She, however, is likely to be available for India’s second game, against West Indies, on February 15
Smriti Mandhana, the India vice-captain, has been ruled out of the team’s T20 World Cup opener against Pakistan in Cape Town on Sunday due to a finger injury.
However, Hrishikesh Kanitkar, the stand-in coach, has confirmed there’s no fracture, which means Mandhana is likely to be available from India’s second game onwards, against West Indies on February 15.
He was more bullish on Harmanpreet Kaur, the captain, who has been declared fit to play. Harmanpreet had picked up a shoulder niggle during the recently-concluded tri-series against West Indies and South Africa.
“Harman is fit to play. She has batted for the last two days in the nets, she is fine,” Kanitkar said at the pre-match press conference. “Smriti has a finger injury and is still recovery, so she won’t play most-likely. It’s not a fracture and we’re hopeful she will be available from the second game onwards.”
‘Looking forward to Pakistan game’
Kanitkar, no stranger to India-Pakistan clashes, having hit the winning runs in the famous Independence Cup final in 1998 in Dhaka, expressed satisfaction at his team’s level of preparedness ahead of the tournament. India are looking to build on their runners-up finish at the previous edition in Australia in 2020.
As far as head-to-head goes, India haven’t enjoyed the best of records against Pakistan in the tournament, having lost to them in 2012 and 2016. But Kanitkar emphasised on the group’s camaraderie and spirit, which he thought is at its best ahead of the 2023 edition.
“You want to be playing the strong teams, the arch-rivals if you can cal them that,” Kanitkar said. “Few of them have done it in the past, few haven’t. We are totally prepared for what happens, the atmosphere is good.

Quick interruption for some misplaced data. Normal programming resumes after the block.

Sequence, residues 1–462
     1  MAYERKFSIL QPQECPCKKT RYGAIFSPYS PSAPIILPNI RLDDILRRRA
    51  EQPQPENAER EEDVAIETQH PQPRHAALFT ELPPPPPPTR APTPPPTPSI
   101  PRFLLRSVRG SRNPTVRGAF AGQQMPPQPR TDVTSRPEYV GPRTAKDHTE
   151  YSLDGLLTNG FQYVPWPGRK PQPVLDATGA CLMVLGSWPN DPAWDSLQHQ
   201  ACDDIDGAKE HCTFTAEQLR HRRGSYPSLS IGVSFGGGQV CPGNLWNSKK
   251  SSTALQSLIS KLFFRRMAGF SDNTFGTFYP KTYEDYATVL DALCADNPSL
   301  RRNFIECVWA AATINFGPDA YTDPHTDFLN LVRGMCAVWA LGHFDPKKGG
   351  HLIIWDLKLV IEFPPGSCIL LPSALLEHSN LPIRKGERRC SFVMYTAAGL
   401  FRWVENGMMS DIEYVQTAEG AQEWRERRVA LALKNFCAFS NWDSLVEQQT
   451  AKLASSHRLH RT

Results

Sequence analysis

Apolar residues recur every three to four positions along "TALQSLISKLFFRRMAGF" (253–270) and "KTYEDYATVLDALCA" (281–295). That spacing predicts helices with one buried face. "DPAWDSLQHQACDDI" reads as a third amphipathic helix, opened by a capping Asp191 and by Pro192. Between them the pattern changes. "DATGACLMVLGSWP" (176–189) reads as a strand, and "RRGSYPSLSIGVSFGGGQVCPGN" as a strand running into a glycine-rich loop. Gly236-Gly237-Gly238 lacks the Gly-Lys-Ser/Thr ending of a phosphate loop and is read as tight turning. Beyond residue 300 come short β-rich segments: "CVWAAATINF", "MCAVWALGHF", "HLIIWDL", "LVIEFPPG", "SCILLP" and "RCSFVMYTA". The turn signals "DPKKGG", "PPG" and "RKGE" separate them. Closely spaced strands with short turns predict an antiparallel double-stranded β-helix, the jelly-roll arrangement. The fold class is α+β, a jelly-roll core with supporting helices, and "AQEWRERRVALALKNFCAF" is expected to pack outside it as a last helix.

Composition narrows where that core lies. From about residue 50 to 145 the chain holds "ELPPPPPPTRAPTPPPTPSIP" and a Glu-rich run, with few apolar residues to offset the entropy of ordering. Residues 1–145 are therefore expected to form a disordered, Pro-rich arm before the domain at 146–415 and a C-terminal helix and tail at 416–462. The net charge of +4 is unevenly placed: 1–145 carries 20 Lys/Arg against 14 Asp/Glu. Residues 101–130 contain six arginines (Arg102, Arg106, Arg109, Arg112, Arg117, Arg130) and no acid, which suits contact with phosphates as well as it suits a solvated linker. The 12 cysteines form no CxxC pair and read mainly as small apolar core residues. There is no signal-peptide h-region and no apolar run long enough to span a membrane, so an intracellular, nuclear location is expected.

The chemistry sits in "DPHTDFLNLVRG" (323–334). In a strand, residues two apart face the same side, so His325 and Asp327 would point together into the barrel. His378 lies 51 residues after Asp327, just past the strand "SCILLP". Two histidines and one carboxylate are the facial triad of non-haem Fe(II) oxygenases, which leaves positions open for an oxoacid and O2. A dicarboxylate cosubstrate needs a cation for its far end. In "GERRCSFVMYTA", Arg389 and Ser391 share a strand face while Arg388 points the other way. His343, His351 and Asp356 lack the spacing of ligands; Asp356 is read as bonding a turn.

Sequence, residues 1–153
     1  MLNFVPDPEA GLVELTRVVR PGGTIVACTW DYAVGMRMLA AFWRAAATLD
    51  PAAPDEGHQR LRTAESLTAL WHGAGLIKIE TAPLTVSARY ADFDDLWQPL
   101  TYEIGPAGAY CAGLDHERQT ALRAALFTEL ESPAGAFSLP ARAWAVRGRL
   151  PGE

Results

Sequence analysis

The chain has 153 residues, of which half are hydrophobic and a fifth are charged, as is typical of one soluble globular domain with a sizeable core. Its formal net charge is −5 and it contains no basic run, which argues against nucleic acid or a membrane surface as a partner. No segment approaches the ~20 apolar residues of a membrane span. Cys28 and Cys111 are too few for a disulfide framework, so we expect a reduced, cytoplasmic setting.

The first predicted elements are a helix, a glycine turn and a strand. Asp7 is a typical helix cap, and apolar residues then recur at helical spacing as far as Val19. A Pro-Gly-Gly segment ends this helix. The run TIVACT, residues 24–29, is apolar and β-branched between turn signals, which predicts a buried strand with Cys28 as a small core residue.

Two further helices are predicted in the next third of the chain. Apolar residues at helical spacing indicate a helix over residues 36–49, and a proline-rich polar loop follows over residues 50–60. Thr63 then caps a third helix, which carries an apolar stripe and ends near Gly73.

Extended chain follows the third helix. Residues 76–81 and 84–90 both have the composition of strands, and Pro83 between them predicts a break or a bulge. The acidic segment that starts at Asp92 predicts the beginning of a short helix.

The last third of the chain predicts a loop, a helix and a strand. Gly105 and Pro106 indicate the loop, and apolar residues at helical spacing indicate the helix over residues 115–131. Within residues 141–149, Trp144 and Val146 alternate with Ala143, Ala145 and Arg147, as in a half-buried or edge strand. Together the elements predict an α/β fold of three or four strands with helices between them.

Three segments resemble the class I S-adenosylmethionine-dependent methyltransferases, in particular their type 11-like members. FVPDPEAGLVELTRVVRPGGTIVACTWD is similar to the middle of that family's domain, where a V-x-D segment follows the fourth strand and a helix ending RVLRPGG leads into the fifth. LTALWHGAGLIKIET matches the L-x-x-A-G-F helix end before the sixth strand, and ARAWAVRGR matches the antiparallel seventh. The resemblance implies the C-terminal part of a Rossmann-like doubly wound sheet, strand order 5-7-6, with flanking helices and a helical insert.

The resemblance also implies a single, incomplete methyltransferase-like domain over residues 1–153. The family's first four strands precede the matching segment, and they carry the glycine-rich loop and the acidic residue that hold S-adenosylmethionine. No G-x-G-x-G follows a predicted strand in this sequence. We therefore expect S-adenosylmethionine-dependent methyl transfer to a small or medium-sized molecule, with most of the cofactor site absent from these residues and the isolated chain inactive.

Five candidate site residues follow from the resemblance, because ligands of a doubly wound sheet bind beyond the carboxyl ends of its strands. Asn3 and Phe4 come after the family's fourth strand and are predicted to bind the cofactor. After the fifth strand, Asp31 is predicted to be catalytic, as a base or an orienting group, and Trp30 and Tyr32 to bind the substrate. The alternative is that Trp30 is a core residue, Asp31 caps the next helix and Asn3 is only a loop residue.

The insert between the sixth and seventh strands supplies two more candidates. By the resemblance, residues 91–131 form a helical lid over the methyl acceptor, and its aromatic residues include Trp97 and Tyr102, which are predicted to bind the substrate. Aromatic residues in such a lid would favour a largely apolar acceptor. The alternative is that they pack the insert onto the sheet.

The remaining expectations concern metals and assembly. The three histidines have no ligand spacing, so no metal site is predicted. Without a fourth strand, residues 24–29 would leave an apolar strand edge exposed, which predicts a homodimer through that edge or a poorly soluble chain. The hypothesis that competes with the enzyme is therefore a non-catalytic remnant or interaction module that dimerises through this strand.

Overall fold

“Most of them have played Pakistan in the past, they know what can happen and what the atmosphere is like. One of the privileges of playing international cricket is you play matches like these. Everyone is looking forward to it.”
Having trained and played matches in South Africa for over three weeks, Kanitkar assessed conditions to be spin-friendly. India have their squad well covered on that front, with the squad having as many as four frontline spin options in Deepti Sharma, Radha Yadav, Devika Vaidya and Rajeshwari Gayakwad.
“Spinners will have a role to play,” he said. “A lot of matches have taken place here, lots of T20 cricket has been played. “Pitches in East London were pretty similar to what we get in India, but Cape Town [venue for India’s first two group games] am not sure. I watched the match yesterday [South Africa v Sri Lanka] and the pitch looked good. There was some assistance for spin, but it will make for good cricket.”
‘Sky is the limit for Richa Ghosh’
Kanitkar didn’t give away too much in terms of team combination. He was non-committal when asked how big a role Shikha Pandey could play. Pandey forced her way back into the national team after close to 18 months following strong domestic performances.
In the tri-series that just finished, where India were runners-up, Pandey bowled all of seven wicketless overs in three matches. India’s other pace options include Renuka Singh, Pooja Vastrakar and rookie Anjali Sarvani.
“She will play a vital role at some point or the other,” Kanitkar said. “Experience does count. Have seen it too many times in the past as well. She is going to make a difference to us. Also, she bats well which many people don’t know. So it works well for us.”
What about Richa Ghosh, who is being talked of as one of the biggest finds in recent times? In the home series against Australia, Ghosh impressed with her ability to hit the long ball from get go. Recently, she was part of India’s victorious Under-19 World Cup winning squad, even though her returns weren’t particularly impressive.
“She’s an exciting prospect,” Kanitkar said. “She has a good future in front of her. If she continues to work hard and if all those things goes well, and she maintains the right attitude which she has, then sky is the limit.”
Shashank Kishore is a senior sub-editor at ESPNcricinfo